No, not you, madam. I'm talking to some of the nation's leading bankers.
That's what they were ordered to eat by Fred Goodwin, the former Royal Bank of Scotland chief who brought Britain to its knees.
Arguably, I've over-egged both the pudding and the pies there. The top banking executives were offered the pies by Fred the Shred, but only a fool would have risked his wrath by refusing.
I'm grateful to financial journalist Ian Fraser for the pie detail, as I would be to anyone offering me jaw-dropping anecdotes about the nation's favourite repast. But there's a lot more than ambrosial bakery products in Mr Fraser's book, Shredded, which shines new light on the financial prince of darkness. Some of it is horrifying - oh, the singing! - some merely disturbing.
No-one is wholly rotten, of course, unless you count top dictator expert Alistair Darling (Kim Jong-Al to his friends), so let's examine the balance sheet here. In the credit column, stretching eight millimetres down one side of the ledger, is the revelation that, while head of RBS, he tried pulling out of the disastrous deal to buy ABN Amro.
With incredible financial astuteness, he noticed ABN had sold its lucrative American arm. But he was overruled by his takeover partner, Santander, which is Spanish for cock-up.
On the debit side of the sheet, still unravelling at my feet here, we start at the top where it says Fred, er, exaggerated an entry on his metaphorical CV to get his first top job in banking.
Many of you are blushing. Lied on a CV, eh? I myself am blameless but I'm told everyone else lies on job applications, converting that time you took an old lady over the road into "extensive experience of voluntary social work".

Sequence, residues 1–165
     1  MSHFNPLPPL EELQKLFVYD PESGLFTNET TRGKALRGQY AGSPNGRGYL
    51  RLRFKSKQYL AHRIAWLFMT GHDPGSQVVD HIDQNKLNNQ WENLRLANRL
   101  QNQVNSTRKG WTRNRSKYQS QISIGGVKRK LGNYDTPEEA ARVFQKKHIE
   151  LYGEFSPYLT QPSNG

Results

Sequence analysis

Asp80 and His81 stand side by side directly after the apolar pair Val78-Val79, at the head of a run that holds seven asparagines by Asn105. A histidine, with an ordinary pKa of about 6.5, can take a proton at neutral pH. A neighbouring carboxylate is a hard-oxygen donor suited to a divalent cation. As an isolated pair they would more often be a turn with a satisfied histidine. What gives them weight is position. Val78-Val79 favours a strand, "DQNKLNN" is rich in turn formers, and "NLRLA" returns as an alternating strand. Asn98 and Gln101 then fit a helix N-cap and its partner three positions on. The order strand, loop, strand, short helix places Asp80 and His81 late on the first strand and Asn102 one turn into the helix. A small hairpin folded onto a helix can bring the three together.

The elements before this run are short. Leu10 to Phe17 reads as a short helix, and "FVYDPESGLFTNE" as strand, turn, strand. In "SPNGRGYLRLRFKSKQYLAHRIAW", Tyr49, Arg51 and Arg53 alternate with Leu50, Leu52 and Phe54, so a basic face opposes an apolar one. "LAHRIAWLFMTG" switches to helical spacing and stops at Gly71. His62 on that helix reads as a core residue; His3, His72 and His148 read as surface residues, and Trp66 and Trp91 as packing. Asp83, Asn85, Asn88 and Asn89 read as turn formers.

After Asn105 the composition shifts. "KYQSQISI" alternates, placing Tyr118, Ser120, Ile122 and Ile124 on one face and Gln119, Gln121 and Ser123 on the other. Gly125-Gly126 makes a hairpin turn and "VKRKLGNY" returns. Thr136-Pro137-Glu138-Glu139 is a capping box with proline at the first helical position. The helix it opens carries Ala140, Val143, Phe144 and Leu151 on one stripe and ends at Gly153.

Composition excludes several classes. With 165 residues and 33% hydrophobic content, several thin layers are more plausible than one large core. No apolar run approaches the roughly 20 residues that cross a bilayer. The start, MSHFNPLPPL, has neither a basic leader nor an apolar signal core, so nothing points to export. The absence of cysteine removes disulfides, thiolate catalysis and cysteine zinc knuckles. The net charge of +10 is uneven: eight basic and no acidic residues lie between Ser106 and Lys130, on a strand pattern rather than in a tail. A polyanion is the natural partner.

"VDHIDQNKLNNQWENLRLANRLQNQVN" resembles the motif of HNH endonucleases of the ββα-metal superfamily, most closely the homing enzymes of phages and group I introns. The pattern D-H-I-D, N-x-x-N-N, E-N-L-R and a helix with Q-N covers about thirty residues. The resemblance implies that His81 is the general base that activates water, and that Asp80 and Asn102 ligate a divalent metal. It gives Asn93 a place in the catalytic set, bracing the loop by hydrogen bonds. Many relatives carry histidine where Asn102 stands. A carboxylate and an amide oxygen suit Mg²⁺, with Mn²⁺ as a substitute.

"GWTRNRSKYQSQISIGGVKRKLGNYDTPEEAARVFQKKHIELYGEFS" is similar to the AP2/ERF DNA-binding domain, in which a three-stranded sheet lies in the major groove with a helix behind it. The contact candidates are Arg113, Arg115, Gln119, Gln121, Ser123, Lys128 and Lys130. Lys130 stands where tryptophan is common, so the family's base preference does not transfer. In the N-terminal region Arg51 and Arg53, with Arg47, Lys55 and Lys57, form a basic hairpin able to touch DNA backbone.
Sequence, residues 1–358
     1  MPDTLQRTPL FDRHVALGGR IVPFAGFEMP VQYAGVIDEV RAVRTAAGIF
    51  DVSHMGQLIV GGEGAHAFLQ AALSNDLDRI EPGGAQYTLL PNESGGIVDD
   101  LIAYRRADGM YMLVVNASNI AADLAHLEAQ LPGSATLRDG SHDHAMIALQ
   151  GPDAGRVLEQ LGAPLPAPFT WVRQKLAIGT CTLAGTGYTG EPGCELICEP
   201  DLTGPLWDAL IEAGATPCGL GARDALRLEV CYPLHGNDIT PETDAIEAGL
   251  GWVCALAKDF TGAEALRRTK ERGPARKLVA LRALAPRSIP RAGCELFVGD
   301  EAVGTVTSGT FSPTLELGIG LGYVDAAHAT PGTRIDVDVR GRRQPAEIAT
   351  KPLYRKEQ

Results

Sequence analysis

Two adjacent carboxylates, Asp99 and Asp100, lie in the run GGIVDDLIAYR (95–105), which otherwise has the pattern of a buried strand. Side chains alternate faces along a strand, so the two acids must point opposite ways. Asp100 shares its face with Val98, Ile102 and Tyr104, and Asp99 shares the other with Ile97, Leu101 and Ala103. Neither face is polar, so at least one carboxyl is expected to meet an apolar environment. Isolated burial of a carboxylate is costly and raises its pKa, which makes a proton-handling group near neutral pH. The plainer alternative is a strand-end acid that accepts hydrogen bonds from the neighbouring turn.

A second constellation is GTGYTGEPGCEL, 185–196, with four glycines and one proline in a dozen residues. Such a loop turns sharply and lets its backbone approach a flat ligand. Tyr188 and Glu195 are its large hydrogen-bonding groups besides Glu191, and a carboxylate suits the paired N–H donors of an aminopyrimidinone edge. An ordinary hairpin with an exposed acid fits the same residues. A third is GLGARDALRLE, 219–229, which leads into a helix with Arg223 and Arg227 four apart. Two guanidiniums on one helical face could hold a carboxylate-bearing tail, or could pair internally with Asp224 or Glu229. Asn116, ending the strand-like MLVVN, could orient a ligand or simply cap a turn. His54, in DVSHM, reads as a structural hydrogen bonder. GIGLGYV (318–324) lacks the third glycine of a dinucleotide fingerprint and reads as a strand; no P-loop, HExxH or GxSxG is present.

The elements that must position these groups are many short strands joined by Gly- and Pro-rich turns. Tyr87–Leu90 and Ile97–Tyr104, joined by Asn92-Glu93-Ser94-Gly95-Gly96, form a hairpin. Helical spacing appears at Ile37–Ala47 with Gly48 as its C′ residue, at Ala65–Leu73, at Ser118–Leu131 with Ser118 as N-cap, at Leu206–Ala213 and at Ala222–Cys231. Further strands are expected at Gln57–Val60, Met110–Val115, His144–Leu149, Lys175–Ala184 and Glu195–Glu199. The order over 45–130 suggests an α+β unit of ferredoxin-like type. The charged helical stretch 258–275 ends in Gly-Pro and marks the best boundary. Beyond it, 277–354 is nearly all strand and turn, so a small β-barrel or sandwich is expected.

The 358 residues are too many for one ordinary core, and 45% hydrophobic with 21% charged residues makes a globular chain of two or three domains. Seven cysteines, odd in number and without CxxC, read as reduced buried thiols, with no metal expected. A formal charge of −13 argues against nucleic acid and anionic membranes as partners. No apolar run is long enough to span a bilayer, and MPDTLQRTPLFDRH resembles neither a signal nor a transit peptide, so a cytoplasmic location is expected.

Fred for his part allegedly exaggerated his part in the liquidation of the Bank of Credit and Commerce International. One imagines him adjusting his baseball cap at the interview and saying: "Oh aye, I liquified that a' right, ken? If ye need anything liquifying, I'm your man. Right, is it a song ye'se are waantin'?"
They should have spotted something wrong right there, they being the Clydesdale Bank that interviews me for six hours before letting me spend £3 at Gregg's. Even bigger money was bandied about at RBS, whose canny financial experts were persuaded to buy a £20 million executive jet, which Fred used frequently for important business ("Just nipping out for a stainless steel scourer and some Laura Ashley wallpaper.")
Yup, Fred had an obsession with interior decor and tidiness. One day, the book reveals, he "forced a group of senior managers on to their hands and knees to pluck weeds from the car park". Hey, now I'm warming to him.
Indeed, normally I sympathise with the witch in witch-hunts, but the following details had me hightailing it to Lidl for an LED-effect burning brand.
Get this: at RBS, every quarter, top executives were forced to attend convivial "mess dinners" where each in turn had to perform a karaoke song. Cruelty beyond reason! Goodwin himself loved to yodel Don McLean's American Pie, a horrible Seventies hit that every freedom-loving democracy should ban, along with all songs that rhyme levy with Chevy.
I'm not just saying that because I don't know what a levy is, at least in the American sense. Perhaps Fred the Shrill meant it as in bank charge. Perhaps he'd themed the evening, because after he'd committed GBH of the earhole with his caterwauling, the midnight Scotch — in the absence of American — pies arrived. Good organiser, d'you see? It was on his CV (just under "extensive charity work with the hungry", ie once gave half a white pudding to a tramp).
We're nearly at the bottom of the page and I've barely done justice to the man's badness. The word "psychopath" even enters the debate (CV entry: "And I am definitely not a psychopath").
Poor man. Perhaps he's suffered enough. No? You hear Aldi are doing coal-effect stakes for £4.99? Yay! Then we're off to Homebase - we've paused our investments in B&Q - for a packet of zinc-plated thumbscrews.